Infectious complications following allogeneic stem cell transplantation by using anti-thymocyte globulin-based myeloablative conditioning regimens in children with hemoglobinopathies

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Abstract

Background.

Anti-thymocyte globulin (ATG) has been used to prevent graft failure/rejection in the setting of allogeneic stem cell transplantation (allo-SCT) for hemoglobinopathies; however, epidemiology data for transplant-related infections in this population are scarce.

Method.

We retrospectively analyzed the epidemiology of bacterial, fungal, viral, and parasitic infections in a cohort of 105 children and adolescents with β-thalassemia (n = 100) or sickle cell disease (n = 5) who underwent allo-SCT using human leukocyte antigen (HLA)-identical sibling (n = 96) or HLA-compatible unrelated donors (n = 9) in a single institution. All patients received an ATG-based conditioning regimen.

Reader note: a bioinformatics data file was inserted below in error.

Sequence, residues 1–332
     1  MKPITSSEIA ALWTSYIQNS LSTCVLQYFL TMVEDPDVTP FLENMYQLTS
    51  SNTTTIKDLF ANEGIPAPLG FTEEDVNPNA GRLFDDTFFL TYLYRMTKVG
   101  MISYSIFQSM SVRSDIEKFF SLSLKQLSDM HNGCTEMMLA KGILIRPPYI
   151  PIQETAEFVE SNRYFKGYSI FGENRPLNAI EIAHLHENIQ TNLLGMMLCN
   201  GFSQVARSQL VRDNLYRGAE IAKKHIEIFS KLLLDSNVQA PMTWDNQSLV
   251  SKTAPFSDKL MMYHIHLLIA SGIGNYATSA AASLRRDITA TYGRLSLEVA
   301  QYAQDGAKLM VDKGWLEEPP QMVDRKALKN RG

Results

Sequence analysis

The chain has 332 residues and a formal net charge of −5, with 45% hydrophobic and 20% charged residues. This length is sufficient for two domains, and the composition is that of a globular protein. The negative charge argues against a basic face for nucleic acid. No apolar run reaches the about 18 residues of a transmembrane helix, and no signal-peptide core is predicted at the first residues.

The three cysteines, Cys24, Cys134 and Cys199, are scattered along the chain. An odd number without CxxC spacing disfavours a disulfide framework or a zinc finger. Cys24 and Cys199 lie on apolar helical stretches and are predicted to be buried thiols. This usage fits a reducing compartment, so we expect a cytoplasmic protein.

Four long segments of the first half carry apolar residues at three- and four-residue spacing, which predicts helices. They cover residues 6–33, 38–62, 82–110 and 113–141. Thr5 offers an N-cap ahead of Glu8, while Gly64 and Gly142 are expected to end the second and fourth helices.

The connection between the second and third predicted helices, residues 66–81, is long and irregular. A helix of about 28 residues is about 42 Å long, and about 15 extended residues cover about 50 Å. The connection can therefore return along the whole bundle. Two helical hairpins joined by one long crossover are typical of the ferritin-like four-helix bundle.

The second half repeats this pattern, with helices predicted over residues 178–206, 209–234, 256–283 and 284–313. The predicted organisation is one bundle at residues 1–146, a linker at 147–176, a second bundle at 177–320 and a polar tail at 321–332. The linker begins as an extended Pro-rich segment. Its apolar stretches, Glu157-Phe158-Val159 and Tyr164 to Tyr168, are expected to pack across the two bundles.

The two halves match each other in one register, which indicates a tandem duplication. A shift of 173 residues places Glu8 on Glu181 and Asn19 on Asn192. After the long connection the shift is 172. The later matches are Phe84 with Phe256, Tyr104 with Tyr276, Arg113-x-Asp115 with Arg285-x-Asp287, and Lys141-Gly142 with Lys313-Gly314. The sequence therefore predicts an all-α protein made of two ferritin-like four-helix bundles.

Results.

The cumulative incidence of cytomegalovirus (CMV) viremia was 45.7% (95% confidence interval [CI] 33–55%), developing at a median of 48 (range 12–142) days without evidence of overt CMV disease. Herpes zoster developed in 8 patients at a median of 12 months post transplant, while 10 patients presented with late onset hemorrhagic cystitis at a median of 35 days post transplant. The cumulative incidence of bacteremia was 17.1% (95% CI 10.6–25%), occurring at a median of 74 (range 24–110) days. No patient developed probable or definite invasive fungal infection. Four deaths were recorded; 2 of them were attributed to infections (toxoplasmosis and Pneumocystis jirovecii pneumonia, respectively).

Conclusion.

The rate of infections after allo-SCT, using an ATG-containing preparative regimen, in our population of pediatric patients with hemoglobinopathies is comparable to that reported elsewhere with the use of non-ATG containing regimens.

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